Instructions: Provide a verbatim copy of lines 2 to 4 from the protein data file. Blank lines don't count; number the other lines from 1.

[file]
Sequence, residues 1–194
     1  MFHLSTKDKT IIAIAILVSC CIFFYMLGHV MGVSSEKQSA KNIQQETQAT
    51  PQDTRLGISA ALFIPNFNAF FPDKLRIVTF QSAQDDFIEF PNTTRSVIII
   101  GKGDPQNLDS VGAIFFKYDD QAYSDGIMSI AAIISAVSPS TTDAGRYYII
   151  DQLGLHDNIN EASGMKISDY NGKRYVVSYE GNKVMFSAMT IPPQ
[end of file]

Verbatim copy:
     1  MFHLSTKDKT IIAIAILVSC CIFFYMLGHV MGVSSEKQSA KNIQQETQAT
    51  PQDTRLGISA ALFIPNFNAF FPDKLRIVTF QSAQDDFIEF PNTTRSVIII
   101  GKGDPQNLDS VGAIFFKYDD QAYSDGIMSI AAIISAVSPS TTDAGRYYII